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Business Plan and Loan Package

Running head: TOOTSIE ROLL INDUSTRIES, INC. LOAN PACKAGE Tootsie Roll Industries, Inc. Loan Package ACC561 22 September 2011 Introduction Now that the small business idea has become more that just fine print, it is time to put together a loan package that explains the story of the company. There are important questions to answer, demonstrating the company’s ability to correctly make important financial decisions, and detail how the business will pay off the loan. This paper will include the requirements of a loan package, creditor requirements, a ratio analysis, loan justification, and how the company plans to use the proceeds.

Tootsie Roll Industries, Incorporated Loan Package Loan Package Requirements Like a job application, the business will start the loan package with a cover letter as well as an updated business plan. A description of the company’s history, vision statement, market, products and services, the management, the reason for the loan, how it will impact the business, and method of repayment is also required.. The United States Small Business Administration (SBA) requires the business owner to complete an Application for Business Loan, “SBA Form 4” (www. ba. com) that will be completed by the lending institution. A personal background information statement also needs to be completed on SBA Form 912. Bank loan officers require financial statements assembled by an accountant that include three to five years of balance sheets, income and cash flow, and audits. Tax returns are also required that authenticate the company numbers. According to Robyn Barrett, managing member of Factors Southwest which is an alternative lender says, “do not put a package together until your taxes are done”. (www. actorssouthwest. com). 90 percent of the lenders’ decisions are based on tax returns and financial data. Forecasts or projections included in the loan package should consist of at least three to five future years or the complete loan term. The forecasts need to show the best, middle, and the worst case scenarios as based on current market assumptions. Ultimately, the banks’ goal is for you to repay the loan. Collateral is required as a means for repaying the loan in the event that the business cannot pay with the primary revenues of cash flow.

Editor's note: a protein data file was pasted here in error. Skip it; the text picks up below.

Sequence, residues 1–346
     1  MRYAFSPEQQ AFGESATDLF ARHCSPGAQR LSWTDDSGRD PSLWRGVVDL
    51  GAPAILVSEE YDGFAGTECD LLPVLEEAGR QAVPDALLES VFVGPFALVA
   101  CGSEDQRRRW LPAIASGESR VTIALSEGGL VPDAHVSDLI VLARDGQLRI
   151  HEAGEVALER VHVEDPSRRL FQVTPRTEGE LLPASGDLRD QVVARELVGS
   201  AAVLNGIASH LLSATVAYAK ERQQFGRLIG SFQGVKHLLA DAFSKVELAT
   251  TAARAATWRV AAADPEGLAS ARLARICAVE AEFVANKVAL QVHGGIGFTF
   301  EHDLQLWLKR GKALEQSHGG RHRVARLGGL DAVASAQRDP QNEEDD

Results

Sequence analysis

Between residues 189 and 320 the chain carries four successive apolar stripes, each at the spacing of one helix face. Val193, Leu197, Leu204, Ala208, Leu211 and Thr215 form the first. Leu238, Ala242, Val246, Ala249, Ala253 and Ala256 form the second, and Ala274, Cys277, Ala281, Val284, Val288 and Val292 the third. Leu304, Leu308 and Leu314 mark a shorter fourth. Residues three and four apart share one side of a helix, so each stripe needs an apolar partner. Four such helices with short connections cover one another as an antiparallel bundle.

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Banks may also request a business guarantee repayment of loans with personal assurances such as the assets of the executives or owners. Ratio Analysis Liquidity Ratios: a short-term measurement of how maturing obligations are paid Current Ratio – short-term debt paying ability Current Assets = $ 199,726 = 3. 45 Current Liab. = $ 57,972 Working Capital – a measurement of financial health (Kimmel, 2009) Current Assets – Current Liabilities $ 199,726 – $ 57,972 = $141,754 Current Cash Debt Coverage Ratio – accounts for the ratio between cash and liabilities

Cash provided by operations = $ 90,064= 1. 50 Average Current Liabilities = ($ 57,972 + $ 62,211)/2 Solvency Ratios: measurement of a company’s long time survival Debt to Total Assets Ratio – a measurement of the creditor’s risk assessment Total Liabilities = $ 174,495 = 21% Total Assets $ 812,725 Cash Debt Coverage Ratio – a measurement of a company’s cash solvency Cash provided by operations = $ 90,064 = 54% Average Total Liabilities ($ 174,495 + $ 160,958)/2 Profitability Ratios: measurement of income and operating for a period of time.

Return on common stockholders’ equity ratio – the amount of net income dollars a company earned for stockholders’ equity Net Income – Preferred Stock Dividends = $ 90,064 – $ 46,685 = 7% Average Stockholder’s Equity($ 638,230 + $ 630,681)/2 Return on assets ratio – measures the profitability of a company Net Income = $ 90,064= 13% Average Total Assets = ($ 812,725 + $ 791,639)/2 Profit margin ratio – measures the extent by which selling price covers all expenses (Kimmel, 2009) Net Income = $ 90,064 = 18% Net Sales = $ 492,742

Loan Justification Tootsie Roll Industries, Inc. needs a loan to supplement operational expenses and decrease the negative impact market risk factors may have on sales volume. In 2007, the product cost of goods sold increased from costs incurred 2006 as a result of significant increases in prices of many commodities purchased by Tootsie Roll. These commodities consist of some of the major ingredients used in Tootsie Rolls and other products, such as corn syrup, dextrose, milk products, vegetable oils, sugar, and gum base ingredients (Tootsie Roll Industries, 2011).